Biking in Rome: a Guide to Local Bike Paths

With so much history to explore, Rome is best visited on foot or bike.  Although the city is less bike-friendly than those in northern Europe, the intrepid biker will be in heaven with excursions both within the city’s walls and a quick train ride into the surrounding region. There are several companies that offer inexpensive day bike rentals, allowing you to take advantage of many of these excellent trails.

Study Abroad in Italy

Here are some our favorite local biking trails:

  1. The Lungotevere path along the Tiber River. Starting from Ponte Garibaldi, only a stone’s throw from JCU’s campus, you will find a 16 kilometer path that extends along the river through the north of the city. This path is excellent as it is exclusively for runners and bikers, meaning that you will not have to worry about cars and the majority of the path is newly paved. Along your route, you’ll pass Castel Sant’Angelo, Rome’s Olympic Stadium, several world-renowned bridges, and stretches of countryside that allow you to forget that you’re in one of the world’s most important cities.
  2. Appia Antica. While the cobblestones certainly provide a bumpy ride, this path is unlike any other. Appia Antica has seen two thousand years of history, and served as the Roman Empire’s road from Rome to southern Italy. You will bike along streets where the Roman army originally marched, and you will pass ruins simply out in the open. Begin at Porta San Sabastiano and ride out to Lago Gandolfo, where you can relax by the lake before turning back to the city.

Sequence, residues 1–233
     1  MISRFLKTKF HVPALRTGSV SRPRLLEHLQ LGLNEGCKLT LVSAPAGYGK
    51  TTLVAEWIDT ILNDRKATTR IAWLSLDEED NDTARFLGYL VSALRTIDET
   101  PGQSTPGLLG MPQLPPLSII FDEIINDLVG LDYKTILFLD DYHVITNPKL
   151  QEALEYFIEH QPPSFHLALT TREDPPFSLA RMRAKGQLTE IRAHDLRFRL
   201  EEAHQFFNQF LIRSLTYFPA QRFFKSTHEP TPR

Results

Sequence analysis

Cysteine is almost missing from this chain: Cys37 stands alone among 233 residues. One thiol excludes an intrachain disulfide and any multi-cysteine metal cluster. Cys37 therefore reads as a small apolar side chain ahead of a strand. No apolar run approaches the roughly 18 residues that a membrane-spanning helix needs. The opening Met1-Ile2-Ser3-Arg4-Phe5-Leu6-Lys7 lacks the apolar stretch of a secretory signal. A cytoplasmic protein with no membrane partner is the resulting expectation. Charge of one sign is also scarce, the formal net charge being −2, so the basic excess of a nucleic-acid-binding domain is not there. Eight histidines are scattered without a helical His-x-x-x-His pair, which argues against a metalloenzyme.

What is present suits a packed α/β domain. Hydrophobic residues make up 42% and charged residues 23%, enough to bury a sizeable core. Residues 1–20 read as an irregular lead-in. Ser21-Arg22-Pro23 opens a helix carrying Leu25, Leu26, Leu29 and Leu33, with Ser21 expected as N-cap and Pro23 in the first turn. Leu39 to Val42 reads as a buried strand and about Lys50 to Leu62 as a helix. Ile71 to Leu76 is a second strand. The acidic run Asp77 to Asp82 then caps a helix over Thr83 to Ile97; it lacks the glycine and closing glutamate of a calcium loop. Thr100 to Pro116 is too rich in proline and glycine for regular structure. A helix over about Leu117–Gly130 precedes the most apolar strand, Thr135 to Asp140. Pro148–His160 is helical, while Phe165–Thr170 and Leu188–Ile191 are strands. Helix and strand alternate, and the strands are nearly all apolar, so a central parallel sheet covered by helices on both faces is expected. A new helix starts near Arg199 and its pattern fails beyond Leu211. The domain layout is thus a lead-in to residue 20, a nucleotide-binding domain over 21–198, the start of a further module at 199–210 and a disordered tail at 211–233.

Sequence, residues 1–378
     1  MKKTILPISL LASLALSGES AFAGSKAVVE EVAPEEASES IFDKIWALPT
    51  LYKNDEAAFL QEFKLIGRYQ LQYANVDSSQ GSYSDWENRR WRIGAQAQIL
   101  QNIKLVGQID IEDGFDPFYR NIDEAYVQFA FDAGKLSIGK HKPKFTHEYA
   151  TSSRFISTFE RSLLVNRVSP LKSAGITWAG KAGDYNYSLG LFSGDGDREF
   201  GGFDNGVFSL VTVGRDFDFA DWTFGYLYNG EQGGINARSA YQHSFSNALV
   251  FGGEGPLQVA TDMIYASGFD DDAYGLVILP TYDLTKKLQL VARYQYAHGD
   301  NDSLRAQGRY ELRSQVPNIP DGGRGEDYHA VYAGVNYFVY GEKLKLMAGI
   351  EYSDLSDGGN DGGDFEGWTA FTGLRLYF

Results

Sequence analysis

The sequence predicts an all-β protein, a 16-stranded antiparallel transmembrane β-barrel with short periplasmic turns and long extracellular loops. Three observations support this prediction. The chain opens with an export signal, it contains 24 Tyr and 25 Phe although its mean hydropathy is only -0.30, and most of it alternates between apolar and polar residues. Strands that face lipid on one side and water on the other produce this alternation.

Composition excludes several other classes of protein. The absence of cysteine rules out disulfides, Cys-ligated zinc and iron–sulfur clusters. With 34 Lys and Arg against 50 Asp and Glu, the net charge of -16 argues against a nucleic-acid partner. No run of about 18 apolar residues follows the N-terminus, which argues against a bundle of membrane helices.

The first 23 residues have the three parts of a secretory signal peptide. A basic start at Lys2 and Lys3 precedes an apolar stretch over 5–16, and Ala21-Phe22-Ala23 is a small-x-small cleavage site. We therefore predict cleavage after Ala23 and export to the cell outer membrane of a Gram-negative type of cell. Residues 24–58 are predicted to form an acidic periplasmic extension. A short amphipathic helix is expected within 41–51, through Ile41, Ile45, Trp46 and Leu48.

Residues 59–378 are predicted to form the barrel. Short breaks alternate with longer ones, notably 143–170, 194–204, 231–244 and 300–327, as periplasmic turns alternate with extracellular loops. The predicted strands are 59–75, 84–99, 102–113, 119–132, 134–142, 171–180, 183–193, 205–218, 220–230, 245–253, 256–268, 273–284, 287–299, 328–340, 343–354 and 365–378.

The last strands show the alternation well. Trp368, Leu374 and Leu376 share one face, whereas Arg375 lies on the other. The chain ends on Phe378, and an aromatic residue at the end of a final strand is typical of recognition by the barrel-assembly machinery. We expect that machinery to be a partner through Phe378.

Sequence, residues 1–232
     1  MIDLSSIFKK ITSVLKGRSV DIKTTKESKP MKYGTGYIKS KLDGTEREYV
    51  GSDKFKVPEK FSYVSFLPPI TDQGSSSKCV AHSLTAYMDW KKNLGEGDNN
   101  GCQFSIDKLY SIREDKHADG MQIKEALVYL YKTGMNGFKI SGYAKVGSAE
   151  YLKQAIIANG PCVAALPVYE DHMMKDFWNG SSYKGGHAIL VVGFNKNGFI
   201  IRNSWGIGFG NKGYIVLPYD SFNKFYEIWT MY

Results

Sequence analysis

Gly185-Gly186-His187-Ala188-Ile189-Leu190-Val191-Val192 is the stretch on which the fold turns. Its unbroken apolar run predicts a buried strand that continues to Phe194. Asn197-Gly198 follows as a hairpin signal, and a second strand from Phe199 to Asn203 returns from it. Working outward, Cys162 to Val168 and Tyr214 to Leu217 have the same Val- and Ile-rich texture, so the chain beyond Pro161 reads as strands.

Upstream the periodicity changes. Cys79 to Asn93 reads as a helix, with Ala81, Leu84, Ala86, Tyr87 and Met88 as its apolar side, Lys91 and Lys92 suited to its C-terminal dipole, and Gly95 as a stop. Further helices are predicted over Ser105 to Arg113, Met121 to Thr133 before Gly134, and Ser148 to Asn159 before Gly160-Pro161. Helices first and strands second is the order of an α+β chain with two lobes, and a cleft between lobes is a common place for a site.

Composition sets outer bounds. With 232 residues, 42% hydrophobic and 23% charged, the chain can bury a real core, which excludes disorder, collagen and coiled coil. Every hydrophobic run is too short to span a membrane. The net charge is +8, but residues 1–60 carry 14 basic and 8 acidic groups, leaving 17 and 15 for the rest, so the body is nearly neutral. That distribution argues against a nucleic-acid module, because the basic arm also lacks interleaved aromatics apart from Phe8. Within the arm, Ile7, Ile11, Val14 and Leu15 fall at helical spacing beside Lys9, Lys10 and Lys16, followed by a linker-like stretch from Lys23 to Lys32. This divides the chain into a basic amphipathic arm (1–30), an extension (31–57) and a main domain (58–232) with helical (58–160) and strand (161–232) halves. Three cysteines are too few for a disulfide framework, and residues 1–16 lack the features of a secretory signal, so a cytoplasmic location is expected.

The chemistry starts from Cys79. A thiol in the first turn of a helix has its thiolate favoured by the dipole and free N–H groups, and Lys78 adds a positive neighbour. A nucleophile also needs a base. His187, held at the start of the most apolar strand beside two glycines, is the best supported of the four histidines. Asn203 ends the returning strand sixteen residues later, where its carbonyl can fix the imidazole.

3. Lago Bracciano. To take advantage of this route, you will want to take a train out to the city of Bracciano. Italy’s main train company, Trenitalia, allows you to bring your bike onto certain train compartments for an additional fee, and from Bracciano you can explore the lake and its three surrounding towns. The area hosts an incredibly well-preserved castle, fantastic bars and restaurants, and lovely views of the lake and mountains.
  4. Rome’s seaside. From Ostiense station, take the train to Ostia beach and head out to explore Rome’s beach towns. Ride north to Santa Marinella and then hop on the train back to Rome, or head south to Anzio and do the same. Both routes offer great restaurant and bar rest stops and fantastic views of the mediterranean.
  5. Castelli Romani. The “Roman Castles” are towns surrounding Rome, and each offers its own unique flavor. You can either ride out to the castelli from Rome or take the train to Marino, Frascati, Lanuvio, Castel Gandolfo or Velletri, and plan a route that allows you to check out a couple of them and get a feel for life in the Roman suburbs.biking in Trastevere

While biking in Rome and its surrounding region is fantastic, safety needs to remain your main priority. Biking is becoming more popular in recent years, but you will find few bike lanes within the city. Be sure to test out your bike’s breaks, bell, and lights, and we highly advise wearing a helmet.  If embarking on one of the excursions outside the city, we recommend getting a mountain bike that will do well on country roads and hills. If riding alongside the road, be sure to ride on the righthand side and be extra careful around cars.

Have a great ride!

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